Wild Turkey and Russell’s Reserve

One of the problems with being heavily involved and associated with the Scotch whisky industry is that people assume you’re less inclined to entertain a glass of bourbon in your hand.  Far from it, I’ve long enjoyed a good bourbon.  And, whilst it doesn’t feature prominently on my CV, I have in fact worked as a brand ambassador for Jim Beam and hosted my fair share of bourbon or American whiskey appreciation nights and tasting events.

A few years ago, I indulged my love for American whisk(e)y by taking a trip to the USA with the specific intention of visiting the distilleries of Kentucky and Tennessee.  Courtesy of my involvement in the industry, I’d been hooked up with trade visits with the likes of Makers Mark, Jack Daniels, Woodford Reserve, Four Roses and Jim Beam.  However, it was on a Saturday afternoon in March that I made an unscheduled and unannounced detour to Lawrenceburg to visit the Wild Turkey distillery in Kentucky.  I rocked up to the Visitor Centre to book myself in for a casual tour.  And there, in the middle of the room, happily chatting to all and sundry was the legendary Jimmy Russell.  The Jimmy Russell.   This was the bourbon equivalent of walking into Glenmorangie and bumping into Dr Bill Lumsden, or swinging by Bruichladdich and saying g’day to Jim McEwan.   I was more than a little surprised that the man was spending his Saturday afternoon in the visitor centre, much less standing there purely for the purpose of talking to casual visitors. In an instant, you got some insight into (a) the man, and (b) Kentucky hospitality and charm. We shared a brief conversation. “Always happy to welcome an Australian here,” he said. “You’re a very important market for us” he explained.

I subsequently enjoyed a very interesting and entertaining tour of the distillery, and more than enjoyed the little tasting they put on for me afterwards.  I left the distillery with a very different view of Wild Turkey and a newfound sense and understanding of the brand.

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The Glenlivet Founder’s Reserve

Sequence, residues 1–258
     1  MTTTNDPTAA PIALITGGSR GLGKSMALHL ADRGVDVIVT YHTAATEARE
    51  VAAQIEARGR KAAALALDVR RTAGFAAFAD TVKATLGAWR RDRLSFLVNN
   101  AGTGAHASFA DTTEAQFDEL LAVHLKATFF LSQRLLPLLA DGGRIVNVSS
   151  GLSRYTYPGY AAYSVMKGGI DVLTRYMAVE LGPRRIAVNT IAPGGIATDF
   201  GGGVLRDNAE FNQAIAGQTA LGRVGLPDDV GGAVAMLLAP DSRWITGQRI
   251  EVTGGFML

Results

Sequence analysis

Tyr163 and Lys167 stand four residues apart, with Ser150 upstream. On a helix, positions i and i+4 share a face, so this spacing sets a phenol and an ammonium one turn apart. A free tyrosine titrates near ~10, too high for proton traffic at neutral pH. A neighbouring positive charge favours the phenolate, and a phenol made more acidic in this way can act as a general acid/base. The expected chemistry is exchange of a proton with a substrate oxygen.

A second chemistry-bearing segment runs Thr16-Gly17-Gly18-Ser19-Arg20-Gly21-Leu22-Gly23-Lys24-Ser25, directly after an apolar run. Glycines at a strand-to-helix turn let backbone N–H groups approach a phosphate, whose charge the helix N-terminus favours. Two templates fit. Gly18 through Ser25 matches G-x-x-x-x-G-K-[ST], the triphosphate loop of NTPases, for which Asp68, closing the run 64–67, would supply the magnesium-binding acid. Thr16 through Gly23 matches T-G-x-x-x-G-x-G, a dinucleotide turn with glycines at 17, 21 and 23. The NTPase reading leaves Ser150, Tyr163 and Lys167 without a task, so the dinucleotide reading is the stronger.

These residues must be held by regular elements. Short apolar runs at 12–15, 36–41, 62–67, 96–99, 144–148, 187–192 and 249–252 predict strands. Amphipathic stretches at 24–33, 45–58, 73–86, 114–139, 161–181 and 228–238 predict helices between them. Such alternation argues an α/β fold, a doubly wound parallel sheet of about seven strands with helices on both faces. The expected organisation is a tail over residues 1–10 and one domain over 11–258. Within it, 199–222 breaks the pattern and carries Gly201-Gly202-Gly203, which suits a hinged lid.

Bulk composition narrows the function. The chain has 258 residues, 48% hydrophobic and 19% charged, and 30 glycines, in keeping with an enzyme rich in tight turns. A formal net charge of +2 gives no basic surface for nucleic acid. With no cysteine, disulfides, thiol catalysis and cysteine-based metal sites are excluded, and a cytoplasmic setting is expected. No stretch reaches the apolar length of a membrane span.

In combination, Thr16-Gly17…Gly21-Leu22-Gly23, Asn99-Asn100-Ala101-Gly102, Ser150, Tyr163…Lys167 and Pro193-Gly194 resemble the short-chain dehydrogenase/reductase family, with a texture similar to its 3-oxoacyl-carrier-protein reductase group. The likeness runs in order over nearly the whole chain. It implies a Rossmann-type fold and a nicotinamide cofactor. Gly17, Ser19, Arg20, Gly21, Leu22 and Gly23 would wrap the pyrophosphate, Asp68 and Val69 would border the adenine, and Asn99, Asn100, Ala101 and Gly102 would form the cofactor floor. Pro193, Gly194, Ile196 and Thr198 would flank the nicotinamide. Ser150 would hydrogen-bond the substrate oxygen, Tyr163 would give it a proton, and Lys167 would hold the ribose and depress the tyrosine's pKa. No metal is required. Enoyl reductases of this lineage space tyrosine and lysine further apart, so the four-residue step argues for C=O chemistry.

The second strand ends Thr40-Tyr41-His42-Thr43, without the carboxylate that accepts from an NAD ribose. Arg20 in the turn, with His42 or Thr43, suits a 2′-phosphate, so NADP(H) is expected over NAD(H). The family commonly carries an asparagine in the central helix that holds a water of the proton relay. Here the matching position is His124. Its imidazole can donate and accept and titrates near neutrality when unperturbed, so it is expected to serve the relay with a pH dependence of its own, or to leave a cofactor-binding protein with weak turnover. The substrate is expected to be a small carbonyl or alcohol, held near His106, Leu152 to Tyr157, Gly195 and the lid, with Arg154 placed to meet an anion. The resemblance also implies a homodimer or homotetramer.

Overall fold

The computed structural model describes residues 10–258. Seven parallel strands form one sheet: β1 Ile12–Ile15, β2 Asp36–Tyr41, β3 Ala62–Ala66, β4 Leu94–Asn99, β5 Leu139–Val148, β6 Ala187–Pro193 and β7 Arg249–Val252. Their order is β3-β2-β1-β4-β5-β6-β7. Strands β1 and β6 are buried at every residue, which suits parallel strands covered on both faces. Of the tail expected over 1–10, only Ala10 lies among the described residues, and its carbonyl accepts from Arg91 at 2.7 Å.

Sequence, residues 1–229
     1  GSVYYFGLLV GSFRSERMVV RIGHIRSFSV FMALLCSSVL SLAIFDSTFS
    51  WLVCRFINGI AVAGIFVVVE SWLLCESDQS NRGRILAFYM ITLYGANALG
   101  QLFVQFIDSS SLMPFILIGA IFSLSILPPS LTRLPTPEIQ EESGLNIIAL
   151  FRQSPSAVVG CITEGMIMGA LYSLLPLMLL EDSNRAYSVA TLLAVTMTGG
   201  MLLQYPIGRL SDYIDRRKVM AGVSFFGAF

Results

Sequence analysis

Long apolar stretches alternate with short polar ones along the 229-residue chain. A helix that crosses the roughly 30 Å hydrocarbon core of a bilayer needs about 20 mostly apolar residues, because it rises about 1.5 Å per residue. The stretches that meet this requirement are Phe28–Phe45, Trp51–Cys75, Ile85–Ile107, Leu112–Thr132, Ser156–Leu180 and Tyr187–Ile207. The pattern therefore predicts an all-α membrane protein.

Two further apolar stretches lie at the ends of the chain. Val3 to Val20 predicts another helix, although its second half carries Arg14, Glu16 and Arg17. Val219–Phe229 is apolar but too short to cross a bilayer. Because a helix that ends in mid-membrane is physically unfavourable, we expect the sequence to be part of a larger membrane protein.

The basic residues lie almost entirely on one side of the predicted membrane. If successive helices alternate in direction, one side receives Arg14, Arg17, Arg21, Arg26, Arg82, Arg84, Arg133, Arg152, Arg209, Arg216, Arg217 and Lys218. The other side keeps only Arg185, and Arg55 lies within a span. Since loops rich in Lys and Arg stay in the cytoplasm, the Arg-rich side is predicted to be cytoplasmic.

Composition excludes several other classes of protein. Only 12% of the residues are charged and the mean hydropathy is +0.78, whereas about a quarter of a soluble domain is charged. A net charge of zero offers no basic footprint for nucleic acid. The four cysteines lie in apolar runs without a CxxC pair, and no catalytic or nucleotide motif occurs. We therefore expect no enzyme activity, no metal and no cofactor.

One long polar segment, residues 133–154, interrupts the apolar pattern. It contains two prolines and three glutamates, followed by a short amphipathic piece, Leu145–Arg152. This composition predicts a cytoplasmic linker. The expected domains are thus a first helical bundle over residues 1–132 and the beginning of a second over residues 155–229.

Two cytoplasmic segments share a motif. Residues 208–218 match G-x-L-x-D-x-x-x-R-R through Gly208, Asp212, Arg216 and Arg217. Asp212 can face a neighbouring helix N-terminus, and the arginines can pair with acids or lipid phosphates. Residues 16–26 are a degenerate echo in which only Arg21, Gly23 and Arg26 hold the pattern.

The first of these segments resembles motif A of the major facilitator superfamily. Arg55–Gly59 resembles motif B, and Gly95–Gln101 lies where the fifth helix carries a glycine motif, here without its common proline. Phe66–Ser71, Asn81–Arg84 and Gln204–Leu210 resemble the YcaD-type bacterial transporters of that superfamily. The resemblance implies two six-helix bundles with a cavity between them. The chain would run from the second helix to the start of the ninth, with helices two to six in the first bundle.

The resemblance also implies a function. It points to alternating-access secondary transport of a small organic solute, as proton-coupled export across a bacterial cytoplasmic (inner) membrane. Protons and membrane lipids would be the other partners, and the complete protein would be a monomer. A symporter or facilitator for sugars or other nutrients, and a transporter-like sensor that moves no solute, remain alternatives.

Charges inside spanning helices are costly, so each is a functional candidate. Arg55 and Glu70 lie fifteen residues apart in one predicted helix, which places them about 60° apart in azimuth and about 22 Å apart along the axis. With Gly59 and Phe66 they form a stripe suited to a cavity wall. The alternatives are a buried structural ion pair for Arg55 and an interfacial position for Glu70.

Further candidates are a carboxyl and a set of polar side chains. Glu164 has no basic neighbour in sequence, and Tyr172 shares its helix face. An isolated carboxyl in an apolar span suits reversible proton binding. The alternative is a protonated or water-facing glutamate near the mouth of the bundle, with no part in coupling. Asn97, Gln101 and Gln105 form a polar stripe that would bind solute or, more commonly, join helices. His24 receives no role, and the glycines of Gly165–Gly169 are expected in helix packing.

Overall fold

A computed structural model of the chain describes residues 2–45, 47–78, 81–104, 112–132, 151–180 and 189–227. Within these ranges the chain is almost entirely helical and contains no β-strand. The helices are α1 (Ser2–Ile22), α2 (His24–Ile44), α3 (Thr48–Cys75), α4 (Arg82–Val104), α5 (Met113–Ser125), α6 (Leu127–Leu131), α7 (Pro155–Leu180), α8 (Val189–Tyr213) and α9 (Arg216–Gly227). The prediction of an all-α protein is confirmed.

In the good old days of looking at a whisky brand’s portfolio, it used to be an easy affair to identify and speak about the brand’s “flagship” expression. This was the main expression; its biggest seller; the one that was a constant in all markets and carried the brand. Each of the other expressions in the portfolio were usually older, rarer, and less-often seen.   If you can think back 15 years ago, it was an era where most brands had their ubiquitous 10yo or 12yo flagship expression, and then some brands had an 18yo or a 25yo to offer the connoisseurs some choice.

As the single malt market started to truly boom (and bloom) during 2000-2007, many brands’ portfolios started to widely diversify. Finishes or Extra Matured expressions became more prevalent; a wider and more populated range of age statements appeared; and in the last few years, many brands added one or more NAS expressions to the range. More recently, for some brands, the flagship expression you see may depend on what market you’re in.

Most of this activity is due to marketing and sales opportunities; and some of it is simply cask and stock management: Either dealing with what stocks are currently available, or taking steps to ensure that supply will meet demand in future years.

If you read enough whisky literature, opinions and noise, you’ll be aware that some brands are already having to make hard decisions to ensure supply keeps up with demand. Cutting various product lines or removing an expression from a particular market. Many bloggers assume this is a new phenomenon, but no, it’s been happening for a while. For example, it was back in 2004/05 that Macallan discontinued its 15yo in order to keep stock back for its more lucrative (and popular) 18yo. More recently, we’re seeing an increasing number of NAS expressions being put forward and marketed, in an attempt to take pressure off the 10yo or 12yo aged statements.   Enter Glenlivet.

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